Wallabies star Kurtley Beale is happy being the Mr Adaptable of the NSW Waratahs’ backline.
That’s probably a good thing as new coach Daryl Gibson continues to keep his backline troops guessing about which positions they will occupy this Super Rugby season.
Gibson is expected to switch his backs around in their two remaining trials in New Zealand against the Chiefs and Highlanders.
Beale, who has played primarily at inside centre for the Waratahs over the past two years, has been running at five-eighth in the pre-season.
“I consider myself very adaptive and I’ll take the opportunity wherever it comes,” Beale said on Wednesday.
“When I get that first crack either at 10, 12, 15, from there on, it’s just about trying to nail that position down pat.
“I feel over the last few years, I’ve been pretty adaptive to wherever I’ve been put on the field and I consider that as a strength of my game.”
Beale was impressive at last year’s World Cup, although he only started two of Australia’s seven Tests and came off the bench for the remainder.
He hoped his versatility would be a help rather than a hindrance in securing a Test berth this year.
Beale is likely to spend some time at five-eighth in his first trial hitout of the campaign against the Chiefs on Friday in Rotorua.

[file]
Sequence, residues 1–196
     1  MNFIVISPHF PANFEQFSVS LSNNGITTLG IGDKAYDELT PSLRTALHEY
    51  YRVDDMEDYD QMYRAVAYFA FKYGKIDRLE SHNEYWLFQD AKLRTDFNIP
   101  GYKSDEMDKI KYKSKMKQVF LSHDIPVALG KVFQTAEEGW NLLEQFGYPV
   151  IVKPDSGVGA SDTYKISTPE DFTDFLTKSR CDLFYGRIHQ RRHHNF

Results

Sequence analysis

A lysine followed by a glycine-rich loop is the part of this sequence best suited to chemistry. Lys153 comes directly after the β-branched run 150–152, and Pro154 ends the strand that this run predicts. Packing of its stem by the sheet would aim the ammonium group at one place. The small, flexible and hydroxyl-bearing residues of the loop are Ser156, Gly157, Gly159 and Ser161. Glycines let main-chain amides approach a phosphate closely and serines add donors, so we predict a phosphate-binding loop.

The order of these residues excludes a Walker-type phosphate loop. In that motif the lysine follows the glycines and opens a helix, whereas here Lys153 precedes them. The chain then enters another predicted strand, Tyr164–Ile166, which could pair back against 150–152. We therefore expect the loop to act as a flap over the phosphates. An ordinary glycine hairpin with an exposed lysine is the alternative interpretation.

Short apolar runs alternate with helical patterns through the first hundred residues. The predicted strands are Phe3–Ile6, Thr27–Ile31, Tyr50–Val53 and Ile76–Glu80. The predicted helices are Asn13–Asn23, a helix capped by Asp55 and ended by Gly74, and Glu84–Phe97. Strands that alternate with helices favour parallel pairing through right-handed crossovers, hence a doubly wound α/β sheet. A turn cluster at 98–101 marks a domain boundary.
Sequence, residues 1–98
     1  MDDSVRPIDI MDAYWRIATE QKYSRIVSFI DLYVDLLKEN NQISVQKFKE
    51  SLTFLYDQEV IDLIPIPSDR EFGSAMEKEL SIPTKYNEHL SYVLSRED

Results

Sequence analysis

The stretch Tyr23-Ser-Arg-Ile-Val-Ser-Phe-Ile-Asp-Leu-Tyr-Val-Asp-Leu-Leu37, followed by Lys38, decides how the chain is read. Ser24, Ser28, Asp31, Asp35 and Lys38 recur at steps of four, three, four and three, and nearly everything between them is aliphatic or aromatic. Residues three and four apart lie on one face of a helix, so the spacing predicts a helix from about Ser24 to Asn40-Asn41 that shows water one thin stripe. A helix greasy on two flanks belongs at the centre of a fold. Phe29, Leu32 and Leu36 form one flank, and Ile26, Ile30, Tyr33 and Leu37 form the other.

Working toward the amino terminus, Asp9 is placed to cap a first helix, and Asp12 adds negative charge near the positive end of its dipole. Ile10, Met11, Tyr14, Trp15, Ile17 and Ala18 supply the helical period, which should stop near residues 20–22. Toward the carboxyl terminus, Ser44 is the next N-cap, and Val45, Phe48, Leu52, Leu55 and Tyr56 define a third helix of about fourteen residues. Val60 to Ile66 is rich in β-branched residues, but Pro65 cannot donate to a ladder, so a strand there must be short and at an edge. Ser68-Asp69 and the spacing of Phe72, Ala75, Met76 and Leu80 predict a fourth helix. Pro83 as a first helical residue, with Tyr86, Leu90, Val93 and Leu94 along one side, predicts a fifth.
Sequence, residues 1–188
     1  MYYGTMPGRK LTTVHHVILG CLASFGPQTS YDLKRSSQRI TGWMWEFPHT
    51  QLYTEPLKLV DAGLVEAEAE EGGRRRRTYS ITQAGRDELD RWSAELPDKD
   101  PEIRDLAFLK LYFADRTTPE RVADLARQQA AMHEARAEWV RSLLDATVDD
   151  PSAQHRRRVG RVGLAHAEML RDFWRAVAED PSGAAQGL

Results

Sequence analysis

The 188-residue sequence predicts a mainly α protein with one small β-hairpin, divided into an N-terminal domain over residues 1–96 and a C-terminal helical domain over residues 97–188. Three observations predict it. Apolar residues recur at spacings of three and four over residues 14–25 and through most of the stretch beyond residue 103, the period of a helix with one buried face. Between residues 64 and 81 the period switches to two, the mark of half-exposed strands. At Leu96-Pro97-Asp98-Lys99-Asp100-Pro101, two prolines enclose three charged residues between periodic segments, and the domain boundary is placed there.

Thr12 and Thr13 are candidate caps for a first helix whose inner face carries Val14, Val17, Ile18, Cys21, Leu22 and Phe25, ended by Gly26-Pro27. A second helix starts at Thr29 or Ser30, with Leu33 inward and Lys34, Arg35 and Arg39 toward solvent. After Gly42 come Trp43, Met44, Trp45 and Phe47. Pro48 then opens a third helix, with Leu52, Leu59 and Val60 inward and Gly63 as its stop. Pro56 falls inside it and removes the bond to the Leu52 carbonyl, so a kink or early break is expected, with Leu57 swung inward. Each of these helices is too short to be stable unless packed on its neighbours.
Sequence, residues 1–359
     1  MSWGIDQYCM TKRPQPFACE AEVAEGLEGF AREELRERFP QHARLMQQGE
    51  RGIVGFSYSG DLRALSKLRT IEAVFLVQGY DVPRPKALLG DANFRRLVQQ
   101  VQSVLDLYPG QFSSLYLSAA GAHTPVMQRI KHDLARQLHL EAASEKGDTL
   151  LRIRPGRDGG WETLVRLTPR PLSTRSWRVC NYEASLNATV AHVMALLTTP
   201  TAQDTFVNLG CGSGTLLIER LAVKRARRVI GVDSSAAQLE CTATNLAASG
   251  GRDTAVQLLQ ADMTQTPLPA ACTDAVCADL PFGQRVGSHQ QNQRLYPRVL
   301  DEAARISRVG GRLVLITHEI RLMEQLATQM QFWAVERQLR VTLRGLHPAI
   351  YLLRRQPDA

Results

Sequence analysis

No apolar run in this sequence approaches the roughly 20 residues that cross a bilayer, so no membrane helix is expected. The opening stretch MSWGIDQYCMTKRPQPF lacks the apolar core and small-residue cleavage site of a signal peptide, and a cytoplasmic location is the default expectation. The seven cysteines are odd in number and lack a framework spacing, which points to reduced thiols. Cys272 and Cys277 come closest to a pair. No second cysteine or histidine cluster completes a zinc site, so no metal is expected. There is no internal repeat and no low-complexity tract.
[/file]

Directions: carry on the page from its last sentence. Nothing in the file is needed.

Waratahs and Wallabies pivot Bernard Foley is not scheduled to play until the final trial the following week, as he has a short break after playing club rugby in Japan.
“I’ve told him (Gibson) I will be keen to play there (five-eighth) if Bernard’s not there. Otherwise, I’ll be open to any position he wants to put me in,” Beale said.
Beale has played some of his best rugby for the Waratahs and Wallabies from fullback and could be headed there again if Gibson perseveres with his planned experiment of playing Israel Folau in the No.13 jersey.
“I think if he’s in the frontline, I will definitely push myself to the back but, then again, who knows?” Beale said.
“It’s great that we can swap and change and keep the opposition guessing. I think that’s what it’s all about.”
Although there seems to be a plethora of options for Gibson in his use of Beale, the player isn’t necessarily in any hurry to end his dual playmaking combination with Foley.
“Bernard and I have struck up a good combination at 10 and 12 the last couple of years,” Beale said.
“I’d like to cement myself there.”
He said he learnt a lot from his World Cup experience and looks certain to play more of a leadership role at the Tahs this year.